Subject: Re: PAM
To: John Nemeth <email@example.com>
From: Chuck Yerkes <firstname.lastname@example.org>
Date: 09/22/2002 07:43:59
Quoting John Nemeth (email@example.com):
> On Jan 19, 6:33am, Giles Lean wrote:
> } The only implementations of the PAM framework that I know about are
> } commercial (Sun, HP, ...) and GPL (Linux).
> Actually, linuxpam has the three clause BSD licence. I believe it
> was originally developed for BSD. It's licence says that alternatively
> it can be distributed under the GPL. This is probably to keep the
> Linux people happy.
Old, but I'm catching up...
According to an entertaining Ted Tso talk at a 1997(?) Anaheim
Usenix, Solaris came up with PAM. As he was *at* Sun consulting
with them on some Kerberos stuff, they showed it to him and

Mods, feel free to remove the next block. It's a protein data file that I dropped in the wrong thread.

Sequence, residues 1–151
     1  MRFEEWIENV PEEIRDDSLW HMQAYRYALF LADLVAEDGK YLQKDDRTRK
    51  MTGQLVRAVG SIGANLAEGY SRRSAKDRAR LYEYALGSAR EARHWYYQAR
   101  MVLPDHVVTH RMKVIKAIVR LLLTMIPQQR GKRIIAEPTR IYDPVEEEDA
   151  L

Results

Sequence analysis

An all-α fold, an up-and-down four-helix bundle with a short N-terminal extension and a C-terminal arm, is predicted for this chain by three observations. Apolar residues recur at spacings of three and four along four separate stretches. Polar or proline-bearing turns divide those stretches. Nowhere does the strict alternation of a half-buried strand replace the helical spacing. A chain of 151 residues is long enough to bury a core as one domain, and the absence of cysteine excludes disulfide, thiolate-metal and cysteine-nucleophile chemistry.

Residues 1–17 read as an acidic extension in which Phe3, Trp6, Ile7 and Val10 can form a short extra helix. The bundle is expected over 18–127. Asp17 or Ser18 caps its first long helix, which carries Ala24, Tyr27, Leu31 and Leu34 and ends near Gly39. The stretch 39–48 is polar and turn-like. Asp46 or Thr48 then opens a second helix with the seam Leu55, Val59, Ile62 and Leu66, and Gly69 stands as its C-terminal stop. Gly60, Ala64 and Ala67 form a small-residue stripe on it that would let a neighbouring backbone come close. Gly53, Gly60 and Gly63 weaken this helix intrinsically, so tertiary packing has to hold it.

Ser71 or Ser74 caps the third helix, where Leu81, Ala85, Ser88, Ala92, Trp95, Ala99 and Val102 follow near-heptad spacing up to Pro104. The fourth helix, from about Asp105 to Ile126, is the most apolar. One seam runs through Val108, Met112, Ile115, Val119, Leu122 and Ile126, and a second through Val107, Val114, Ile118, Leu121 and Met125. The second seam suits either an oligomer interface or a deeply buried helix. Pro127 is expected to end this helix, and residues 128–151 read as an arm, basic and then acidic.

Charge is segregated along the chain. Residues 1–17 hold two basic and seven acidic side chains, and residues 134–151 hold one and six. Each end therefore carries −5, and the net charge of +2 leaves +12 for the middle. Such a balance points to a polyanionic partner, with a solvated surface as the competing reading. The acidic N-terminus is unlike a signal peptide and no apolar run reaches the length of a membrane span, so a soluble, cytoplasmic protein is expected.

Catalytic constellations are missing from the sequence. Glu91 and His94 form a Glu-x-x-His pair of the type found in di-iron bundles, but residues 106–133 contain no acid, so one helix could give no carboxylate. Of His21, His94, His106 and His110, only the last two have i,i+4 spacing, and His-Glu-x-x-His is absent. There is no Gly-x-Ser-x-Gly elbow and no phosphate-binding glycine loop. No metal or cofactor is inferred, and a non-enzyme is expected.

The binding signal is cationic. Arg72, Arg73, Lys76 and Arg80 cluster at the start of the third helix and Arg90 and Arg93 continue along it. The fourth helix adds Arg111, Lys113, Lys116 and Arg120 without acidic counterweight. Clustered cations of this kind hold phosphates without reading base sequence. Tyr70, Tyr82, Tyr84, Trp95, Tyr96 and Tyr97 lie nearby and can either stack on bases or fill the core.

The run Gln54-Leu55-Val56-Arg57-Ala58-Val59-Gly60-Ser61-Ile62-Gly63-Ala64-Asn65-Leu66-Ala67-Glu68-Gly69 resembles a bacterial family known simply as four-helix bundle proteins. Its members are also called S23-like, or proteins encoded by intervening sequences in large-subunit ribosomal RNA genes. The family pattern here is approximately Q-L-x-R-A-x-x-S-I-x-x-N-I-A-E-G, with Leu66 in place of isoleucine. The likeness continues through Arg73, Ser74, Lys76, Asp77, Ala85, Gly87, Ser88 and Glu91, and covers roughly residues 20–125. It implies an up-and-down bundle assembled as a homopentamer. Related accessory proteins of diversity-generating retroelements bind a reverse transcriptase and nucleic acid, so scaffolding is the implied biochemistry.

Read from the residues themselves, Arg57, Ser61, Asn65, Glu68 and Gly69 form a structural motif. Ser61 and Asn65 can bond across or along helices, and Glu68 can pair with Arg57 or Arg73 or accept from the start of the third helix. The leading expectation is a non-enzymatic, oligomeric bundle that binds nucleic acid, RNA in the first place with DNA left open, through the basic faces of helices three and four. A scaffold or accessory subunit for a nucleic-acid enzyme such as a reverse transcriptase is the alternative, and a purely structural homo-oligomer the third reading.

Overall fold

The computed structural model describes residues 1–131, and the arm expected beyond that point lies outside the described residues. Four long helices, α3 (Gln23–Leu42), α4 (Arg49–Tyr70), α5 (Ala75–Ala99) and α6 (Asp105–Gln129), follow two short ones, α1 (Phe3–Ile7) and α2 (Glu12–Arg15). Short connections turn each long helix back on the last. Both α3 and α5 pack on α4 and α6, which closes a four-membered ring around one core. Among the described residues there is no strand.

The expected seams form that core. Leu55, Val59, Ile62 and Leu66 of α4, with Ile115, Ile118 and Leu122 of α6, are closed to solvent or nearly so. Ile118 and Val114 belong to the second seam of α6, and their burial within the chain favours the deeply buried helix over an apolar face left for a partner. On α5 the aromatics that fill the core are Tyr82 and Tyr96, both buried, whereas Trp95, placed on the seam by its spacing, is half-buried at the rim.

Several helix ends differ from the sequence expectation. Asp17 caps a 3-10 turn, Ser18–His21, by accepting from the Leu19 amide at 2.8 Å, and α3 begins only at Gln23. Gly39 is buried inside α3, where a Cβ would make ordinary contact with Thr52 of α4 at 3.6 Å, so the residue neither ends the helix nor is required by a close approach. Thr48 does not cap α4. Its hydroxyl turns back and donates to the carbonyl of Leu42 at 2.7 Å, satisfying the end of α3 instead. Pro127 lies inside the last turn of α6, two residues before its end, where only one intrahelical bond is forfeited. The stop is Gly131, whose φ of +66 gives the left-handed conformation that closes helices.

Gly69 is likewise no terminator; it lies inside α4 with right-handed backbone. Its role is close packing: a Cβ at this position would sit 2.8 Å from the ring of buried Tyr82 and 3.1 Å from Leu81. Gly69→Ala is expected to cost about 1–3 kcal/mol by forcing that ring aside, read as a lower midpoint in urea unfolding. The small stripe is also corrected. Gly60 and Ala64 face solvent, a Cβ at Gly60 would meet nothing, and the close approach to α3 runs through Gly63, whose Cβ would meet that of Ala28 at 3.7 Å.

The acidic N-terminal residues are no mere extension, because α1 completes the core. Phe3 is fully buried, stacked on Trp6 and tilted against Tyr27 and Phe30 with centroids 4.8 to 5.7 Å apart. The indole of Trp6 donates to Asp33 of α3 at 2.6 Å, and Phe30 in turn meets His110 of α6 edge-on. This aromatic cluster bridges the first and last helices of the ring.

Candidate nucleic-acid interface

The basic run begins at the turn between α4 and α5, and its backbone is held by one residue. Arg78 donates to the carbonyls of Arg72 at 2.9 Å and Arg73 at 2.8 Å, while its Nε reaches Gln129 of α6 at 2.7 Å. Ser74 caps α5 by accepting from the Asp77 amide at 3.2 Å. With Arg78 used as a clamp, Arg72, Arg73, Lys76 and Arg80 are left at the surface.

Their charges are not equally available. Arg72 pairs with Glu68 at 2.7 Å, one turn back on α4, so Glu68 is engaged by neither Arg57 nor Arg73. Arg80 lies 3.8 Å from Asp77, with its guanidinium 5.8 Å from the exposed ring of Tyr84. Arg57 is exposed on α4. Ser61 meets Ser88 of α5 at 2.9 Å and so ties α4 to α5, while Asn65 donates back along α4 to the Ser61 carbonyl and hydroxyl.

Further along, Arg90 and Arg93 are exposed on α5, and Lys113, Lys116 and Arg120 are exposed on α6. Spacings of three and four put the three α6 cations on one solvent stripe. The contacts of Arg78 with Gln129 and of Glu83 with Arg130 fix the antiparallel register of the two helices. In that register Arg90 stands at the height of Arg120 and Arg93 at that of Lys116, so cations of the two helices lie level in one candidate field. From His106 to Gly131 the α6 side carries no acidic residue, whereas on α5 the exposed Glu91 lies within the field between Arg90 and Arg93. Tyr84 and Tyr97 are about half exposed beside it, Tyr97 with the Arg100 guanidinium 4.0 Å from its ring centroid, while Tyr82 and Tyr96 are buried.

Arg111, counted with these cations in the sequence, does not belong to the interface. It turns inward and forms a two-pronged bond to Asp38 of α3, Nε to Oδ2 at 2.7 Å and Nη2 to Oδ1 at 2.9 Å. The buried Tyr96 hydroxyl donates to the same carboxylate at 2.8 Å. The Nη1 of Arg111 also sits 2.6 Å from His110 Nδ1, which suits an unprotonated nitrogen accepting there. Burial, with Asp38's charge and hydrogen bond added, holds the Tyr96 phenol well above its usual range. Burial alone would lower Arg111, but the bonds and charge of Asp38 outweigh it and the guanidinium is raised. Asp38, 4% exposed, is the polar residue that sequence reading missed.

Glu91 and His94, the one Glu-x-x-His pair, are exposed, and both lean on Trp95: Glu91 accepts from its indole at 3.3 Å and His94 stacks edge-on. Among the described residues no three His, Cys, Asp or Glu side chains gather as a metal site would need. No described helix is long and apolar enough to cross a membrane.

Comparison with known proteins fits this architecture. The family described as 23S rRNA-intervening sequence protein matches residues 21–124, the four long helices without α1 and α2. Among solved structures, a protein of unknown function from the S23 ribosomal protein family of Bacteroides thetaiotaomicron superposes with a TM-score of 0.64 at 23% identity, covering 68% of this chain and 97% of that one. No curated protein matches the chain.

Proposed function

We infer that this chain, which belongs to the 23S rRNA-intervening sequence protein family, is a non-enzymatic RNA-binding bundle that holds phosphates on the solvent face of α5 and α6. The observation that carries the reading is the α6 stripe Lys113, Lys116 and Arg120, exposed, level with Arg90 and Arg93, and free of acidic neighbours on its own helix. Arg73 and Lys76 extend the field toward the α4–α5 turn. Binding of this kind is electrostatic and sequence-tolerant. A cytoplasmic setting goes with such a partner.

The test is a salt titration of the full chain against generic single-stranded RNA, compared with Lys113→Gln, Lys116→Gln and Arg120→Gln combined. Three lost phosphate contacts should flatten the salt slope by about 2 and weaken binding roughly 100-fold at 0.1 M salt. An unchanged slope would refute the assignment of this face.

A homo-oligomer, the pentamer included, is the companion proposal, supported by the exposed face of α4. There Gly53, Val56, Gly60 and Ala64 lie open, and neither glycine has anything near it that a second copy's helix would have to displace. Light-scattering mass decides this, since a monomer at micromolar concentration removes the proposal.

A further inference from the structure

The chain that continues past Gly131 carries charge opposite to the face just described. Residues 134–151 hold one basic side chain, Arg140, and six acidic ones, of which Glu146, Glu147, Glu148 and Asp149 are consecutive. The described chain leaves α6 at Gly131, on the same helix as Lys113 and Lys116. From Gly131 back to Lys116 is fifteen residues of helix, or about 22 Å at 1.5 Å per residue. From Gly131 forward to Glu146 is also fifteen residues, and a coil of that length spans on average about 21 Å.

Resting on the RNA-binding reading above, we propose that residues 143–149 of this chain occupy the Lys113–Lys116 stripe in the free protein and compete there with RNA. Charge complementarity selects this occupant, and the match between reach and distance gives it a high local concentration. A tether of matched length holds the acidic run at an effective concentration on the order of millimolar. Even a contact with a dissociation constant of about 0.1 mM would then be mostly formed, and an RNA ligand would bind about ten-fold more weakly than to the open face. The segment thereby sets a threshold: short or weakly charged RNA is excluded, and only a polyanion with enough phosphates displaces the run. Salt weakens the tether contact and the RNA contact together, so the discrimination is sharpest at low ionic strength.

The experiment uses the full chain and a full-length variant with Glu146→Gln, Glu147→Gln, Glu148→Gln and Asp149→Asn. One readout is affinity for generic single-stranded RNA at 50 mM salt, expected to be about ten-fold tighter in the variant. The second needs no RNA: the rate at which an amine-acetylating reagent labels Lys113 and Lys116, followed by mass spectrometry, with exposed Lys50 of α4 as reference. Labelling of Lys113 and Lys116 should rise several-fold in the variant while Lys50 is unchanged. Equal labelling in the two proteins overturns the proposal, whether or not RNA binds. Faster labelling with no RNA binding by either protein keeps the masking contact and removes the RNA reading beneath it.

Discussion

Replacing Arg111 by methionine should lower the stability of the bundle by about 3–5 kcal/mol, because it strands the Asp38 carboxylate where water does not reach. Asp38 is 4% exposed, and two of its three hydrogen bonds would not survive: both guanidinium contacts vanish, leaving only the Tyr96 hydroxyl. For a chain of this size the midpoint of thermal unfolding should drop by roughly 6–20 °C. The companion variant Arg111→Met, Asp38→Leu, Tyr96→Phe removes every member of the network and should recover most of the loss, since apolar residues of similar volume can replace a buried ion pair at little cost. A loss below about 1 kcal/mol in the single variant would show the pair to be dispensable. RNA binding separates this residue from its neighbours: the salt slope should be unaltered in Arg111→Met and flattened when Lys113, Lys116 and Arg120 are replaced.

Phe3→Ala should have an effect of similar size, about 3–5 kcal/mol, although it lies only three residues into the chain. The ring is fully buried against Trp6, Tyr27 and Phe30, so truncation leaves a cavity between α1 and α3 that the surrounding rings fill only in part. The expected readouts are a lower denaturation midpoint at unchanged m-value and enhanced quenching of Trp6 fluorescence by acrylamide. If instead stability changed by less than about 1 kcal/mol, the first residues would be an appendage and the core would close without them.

gave him some basic API information. Intrigued, he brought
it back with him and got some folks interested. 5 months
later, PAM was in Linux. 6 months after THAT, it came out for
One of the goals was to abstract authentication from the various
things that needed it. At the time I had folks logging in by s/key
, challenge/response device or Kerberos, sometimes depending on
where they were. The notion of PAM was a godsend. The implementations,
less so. Linux PAM != Sun PAM != FreeBSD PAM. Alas, a lack.
It appears okay to use, per the FreeBSD code. It would be really
nice to have ONE PAM implentation that works across different Unixs.
NetBSD, being a bit marginal, would benefit from being able to snag
PAM modules from the more mainstream OSs and have them "just work"
- having a good LDAP auth or, heck, retinal scanner auth module
that didn't have to be rewritten per platform would be Good. But
the Unix coldwars rage on and this will never happen. And windows